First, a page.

Ethiopia is an ancient country with one of the oldest states in the world. It has an uninterrupted history of independent existence aside from five years of Italian occupation. It has been, from the very beginning, home to the three great monotheistic religions of the world (Judaism, Christianity, and Islam), and it is a platform for the development of a rich and diverse, even unparalleled in some respects, spiritual and material culture. This includes Africa’s only indigenous script, ancient centers of worship with distinctive traditions, along with a plethora of peoples and languages that inhabit the country. During the long and cherished history of its existence, Ethiopia has passed through periods of glory and agony. Developments in national politics, among others, could exemplify changing fortunes in the nation’s tortured political history.
Ethiopia developed one of the great old monarchies of the world. The monarchy ruled the country continuously with only brief interruptions until 1974. Usually, succession occurred smoothly, with the eldest son succeeding the father as the next ruler. Notwithstanding, there were many occasions of the use of violence to effect political transition. Dynastic rivalries, fueled by Byzantine politics in the imperial court, caused opportunities for palace coups, imprisonment of royal aspirants, and at times rebellion. Dynastic crises were more intense and national fragmentation was more particularly common between the end of the 18th and the middle of the 19th centuries. This was a period known in Ethiopian history as the Zemene Mesafint (the Era of the Princes).
In 1855, Tewodros, who was not a member of the royal family ended this period, unified political power and political authority and restored the Solomonic monarchy. He accomplished this through violent force, absent of persuasion or compromise. He set a tradition in which military muscle, not royal blood became the foundation for the assumption and retention of political power. The removal of the emperor Haile Selassie in 1974 through a revolution and the military junta in 1991 following a series of military disasters is definitive proofs of the primacy of violent methods over peaceful democratic ones in political transitions.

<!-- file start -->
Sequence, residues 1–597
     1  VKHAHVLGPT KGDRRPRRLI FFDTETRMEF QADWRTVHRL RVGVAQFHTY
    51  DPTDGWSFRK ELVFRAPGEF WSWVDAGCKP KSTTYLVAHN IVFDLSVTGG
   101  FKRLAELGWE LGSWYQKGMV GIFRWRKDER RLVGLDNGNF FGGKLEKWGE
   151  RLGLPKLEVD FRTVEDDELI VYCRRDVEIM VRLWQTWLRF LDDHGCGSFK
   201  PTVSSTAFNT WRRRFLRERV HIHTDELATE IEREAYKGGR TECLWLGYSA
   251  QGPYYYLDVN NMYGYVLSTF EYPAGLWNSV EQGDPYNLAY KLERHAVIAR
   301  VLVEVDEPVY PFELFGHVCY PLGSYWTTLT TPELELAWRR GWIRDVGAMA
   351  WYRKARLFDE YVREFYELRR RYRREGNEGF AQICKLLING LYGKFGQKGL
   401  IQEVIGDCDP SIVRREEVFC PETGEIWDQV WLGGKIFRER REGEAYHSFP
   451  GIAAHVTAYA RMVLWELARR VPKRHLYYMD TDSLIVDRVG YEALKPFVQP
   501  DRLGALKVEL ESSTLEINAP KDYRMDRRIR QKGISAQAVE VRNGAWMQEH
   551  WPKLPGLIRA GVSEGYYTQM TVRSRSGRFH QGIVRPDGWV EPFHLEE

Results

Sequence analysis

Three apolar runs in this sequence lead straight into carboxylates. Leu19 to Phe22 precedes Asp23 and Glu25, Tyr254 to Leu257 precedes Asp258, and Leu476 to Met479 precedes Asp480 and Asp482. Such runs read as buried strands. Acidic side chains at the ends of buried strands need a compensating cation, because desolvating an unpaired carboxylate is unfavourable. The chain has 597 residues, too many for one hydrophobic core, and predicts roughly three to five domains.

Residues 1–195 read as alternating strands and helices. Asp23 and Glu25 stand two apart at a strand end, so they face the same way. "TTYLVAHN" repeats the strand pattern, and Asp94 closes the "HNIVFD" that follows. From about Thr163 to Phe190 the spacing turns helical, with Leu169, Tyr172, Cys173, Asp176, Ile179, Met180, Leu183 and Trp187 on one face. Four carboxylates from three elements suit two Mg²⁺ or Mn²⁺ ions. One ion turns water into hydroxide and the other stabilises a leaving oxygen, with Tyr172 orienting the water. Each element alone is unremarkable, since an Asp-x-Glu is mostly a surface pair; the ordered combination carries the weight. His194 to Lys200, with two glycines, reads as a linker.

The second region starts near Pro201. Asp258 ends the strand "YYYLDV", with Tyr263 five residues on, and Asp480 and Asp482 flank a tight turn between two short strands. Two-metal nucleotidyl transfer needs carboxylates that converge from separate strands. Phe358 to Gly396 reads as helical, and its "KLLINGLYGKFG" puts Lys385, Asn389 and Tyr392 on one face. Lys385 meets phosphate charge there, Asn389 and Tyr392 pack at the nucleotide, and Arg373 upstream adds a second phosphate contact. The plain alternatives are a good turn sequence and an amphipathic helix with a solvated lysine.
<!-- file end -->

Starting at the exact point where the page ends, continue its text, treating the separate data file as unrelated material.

Yet, this is only one side of the complex history of Ethiopia. There are numerous instances of peaceful if not democratic transitions in the country’s history. Cases of non-violent political activism in where the public used nonviolence to effect changes in leadership and government are evident in the past. In recent decades, Student the student political activism in the 1960s and 1970s and the election in 2005 are two principal examples of this positive development. Although both ended in disaster and the hopes for change were dashed violently, the quest for freedom and democracy and the commitment to achieve them peacefully remain alive. Developments over the last few decades indicate progress in the direction of a conscious, engaged citizenry and a democratic political culture.
Still, the hurdles are numerous and they include institutional, cultural, legal, and political challenges. Through education and active, responsible political engagements, the traditions of non-violence rooted in the culture of Ethiopians have potential to develop, evolve, and spread. It is essential to valorize and enrich these traditions, through inputs and experiences from other areas. Success in this collective endeavor is possible not only because Ethiopians have had a tradition of nonviolence but also because the fight for freedom and democracy using primarily peaceful methods has gained wider global currency.
We may not solve all the problems that were created in the past fifty years overnight, but we sure can lay down a strong foundation for the next generation to solve them.